Adventures in Vermicomposting, Chapter 1

So back around Thanksgiving I placed an order for a starter size portion of Red Wiggler Worms. I was starting my very first vermicomposting bin. I couldn’t justify spending $30 for a pound of worms, so I bought what I could afford which was a $10 snack bag ziplock bag full of compost with several red wigglers and many eggs. I had been shredding and saving paper for about a month and had what looked like enough to fill the Rubbermaid bin I chose. Of course dry paper is fluffy and could fill the bin, but worms need almost soggy paper bedding. So I filled a grocery bag with dry maple leaves from outside, crunched them, and mixed them in with my paper bedding and moistened it all once the worms arrived. I also threw in several handfuls of sandy dirt which, according to my research, the worms ingest into their gullet to help them grind food. I added the worms and fed them, and waited for the magic to happen. Now, about six weeks later, this is what I have.

 

My worm bin seems to be thriving. I have many large worms, medium worms, tiny white baby worms, and just today I was even fortunate enough to see two worms coupling. Further proof that things are moving along is the decomposition of the bedding and food scraps into worm castings.

Here in the center of this photo you can see two white baby worms. Being able to see the worms moving through the bin and see the layers of compost as they break it down without having to dig around in the bin is an added bonus of using a clear bin.

 

Now I’ll tell you a little about why I chose the setup I did and how I keep it running. Disclaimer: I AM NOT AN EXPERT. I have done extensive research, however, I lack the practical experience to say with confidence that I know what I’m doing. Think of this as journal about my verm adventures. Here we go…

I chose my bin size mostly based on the space I had available to store it. In Central Florida in the summer, a verm bin would easily overheat in the garage and the worms couldn’t survive outside for the same reason. So I keep my bin easily accessible in a dark, cool kitchen cabinet. I also knew I wanted a secure bin that would dissuade the occasional palmetto bug that found it’s way inside our house from setting up shop in my bin, so I chose one with handle locks. I’ve heard that air circulation can be tricky to get enough of for the worms, but, at the same time, drilled holes can allow flying pests easy access or escape from the bin. So I cut the middle section of the box lid out and used duct tape to adhere a double layer of window screen to the opening.

 

Excess water pooling in the bottom of the bin is another commonly cited problem, especially in indoor Rubbermaid type bins. I wanted to be able to easily monitor the moisture content of the bin and decide to use a clear bin. I can pick up the bin and tip it to a corner and see if any water runs to that corner. Thus far, I haven’t had any excess water. If I do, I plan to drill a hole near a bottom corner and stop it with a wine cork to allow me to drain the excess without having a gaping hole in my bin.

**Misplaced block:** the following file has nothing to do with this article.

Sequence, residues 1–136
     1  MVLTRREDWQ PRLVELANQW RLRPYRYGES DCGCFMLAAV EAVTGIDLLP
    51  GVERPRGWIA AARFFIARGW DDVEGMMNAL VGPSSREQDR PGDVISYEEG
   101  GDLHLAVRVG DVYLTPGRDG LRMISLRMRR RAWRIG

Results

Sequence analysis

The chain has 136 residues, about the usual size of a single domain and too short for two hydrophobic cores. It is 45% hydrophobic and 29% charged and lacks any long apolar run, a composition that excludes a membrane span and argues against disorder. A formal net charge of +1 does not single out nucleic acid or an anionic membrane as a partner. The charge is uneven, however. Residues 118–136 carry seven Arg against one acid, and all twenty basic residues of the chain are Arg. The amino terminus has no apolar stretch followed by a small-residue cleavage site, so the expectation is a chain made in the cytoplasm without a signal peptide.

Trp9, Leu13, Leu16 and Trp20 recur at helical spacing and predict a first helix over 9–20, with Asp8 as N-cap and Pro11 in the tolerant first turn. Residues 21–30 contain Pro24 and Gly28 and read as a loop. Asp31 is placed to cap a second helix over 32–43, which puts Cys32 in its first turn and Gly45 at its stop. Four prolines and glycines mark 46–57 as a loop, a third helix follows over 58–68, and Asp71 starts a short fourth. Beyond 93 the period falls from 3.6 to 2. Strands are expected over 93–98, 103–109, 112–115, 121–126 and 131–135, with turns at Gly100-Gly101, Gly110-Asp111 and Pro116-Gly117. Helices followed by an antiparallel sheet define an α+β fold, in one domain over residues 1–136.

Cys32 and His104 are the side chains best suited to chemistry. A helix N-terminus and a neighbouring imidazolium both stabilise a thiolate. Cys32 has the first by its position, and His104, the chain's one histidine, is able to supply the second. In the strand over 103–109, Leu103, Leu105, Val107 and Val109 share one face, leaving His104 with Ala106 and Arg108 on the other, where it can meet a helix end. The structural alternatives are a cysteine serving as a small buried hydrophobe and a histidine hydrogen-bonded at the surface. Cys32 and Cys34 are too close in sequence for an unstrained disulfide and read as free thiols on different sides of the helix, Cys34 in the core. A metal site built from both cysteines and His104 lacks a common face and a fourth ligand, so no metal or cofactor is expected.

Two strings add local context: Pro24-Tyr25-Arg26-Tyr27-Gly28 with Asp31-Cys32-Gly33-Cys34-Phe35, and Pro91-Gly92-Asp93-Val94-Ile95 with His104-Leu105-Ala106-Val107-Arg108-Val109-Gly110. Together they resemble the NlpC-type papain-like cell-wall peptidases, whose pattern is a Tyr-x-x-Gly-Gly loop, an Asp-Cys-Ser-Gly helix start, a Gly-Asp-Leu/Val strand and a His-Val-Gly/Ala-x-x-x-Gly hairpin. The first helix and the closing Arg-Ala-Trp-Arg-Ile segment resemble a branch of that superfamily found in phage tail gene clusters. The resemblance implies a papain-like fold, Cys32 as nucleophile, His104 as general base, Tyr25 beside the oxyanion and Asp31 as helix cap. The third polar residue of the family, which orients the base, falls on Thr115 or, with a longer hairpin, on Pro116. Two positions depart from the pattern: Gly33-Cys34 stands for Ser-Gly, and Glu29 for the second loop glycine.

I feed the worms produce that has been frozen and thawed to room temperature about once a week. I do this for two reasons: 1) freezing kills any fruit fly eggs that may be on the produce skins-bananas are the most common culprit of fruit flies, and 2) it speeds up the decomposition of the produce meaning the worms can process it faster. I also give them used coffee grounds on the day I feed them. I have heard they like ph conditions to the slightly acidic side which coffee grounds help provide. I also mix in bedding on these days if need be. Added bedding in bin includes: shredded brown packing paper, newspaper, a bit of corrugated cardboard, crunched dry maple leaves, and dried grass clippings. I’m not concerned about adding the leaves or grass clippings because we don’t use pesticide or herbicide on our lawn and neither do our closest neighbors. The worms seem to like this mix and live thought the whole bucket. Before adding new material in I fluff and mix what’s already in the worm bin with a hand rake to help aerate the bedding and keep things from getting compacted, and to check on the decomposition of the previous weeks food.

This week I added quite a bit more bedding to offset the food in the bin. I shredded the bedding and left it in a bucket, then vacuumed the detritus from the gravel of my chemical free goldfish aquarium right into the bucket with the new bedding. I did this to moisten the bedding and because, according to my research, red wigglers aid in the breakdown of fish emulsion, and the emulsion brings bio diversity to the microorganisms within the worm bin. I used my hand rake to scoop the moistened bedding out or the fish waste bucket, held it in the air and let some of the excess water run off, then put it on top of the verm bin and fluffed it up a bit. That was about three days ago, and today I saw more baby worms and the breeding worms very near the top of the box right under the fish-waste-soaked bedding. So I’d call that decision a successful one!

 

Thus concludes Ch 1 of Adventures in Vermicomposting!

 

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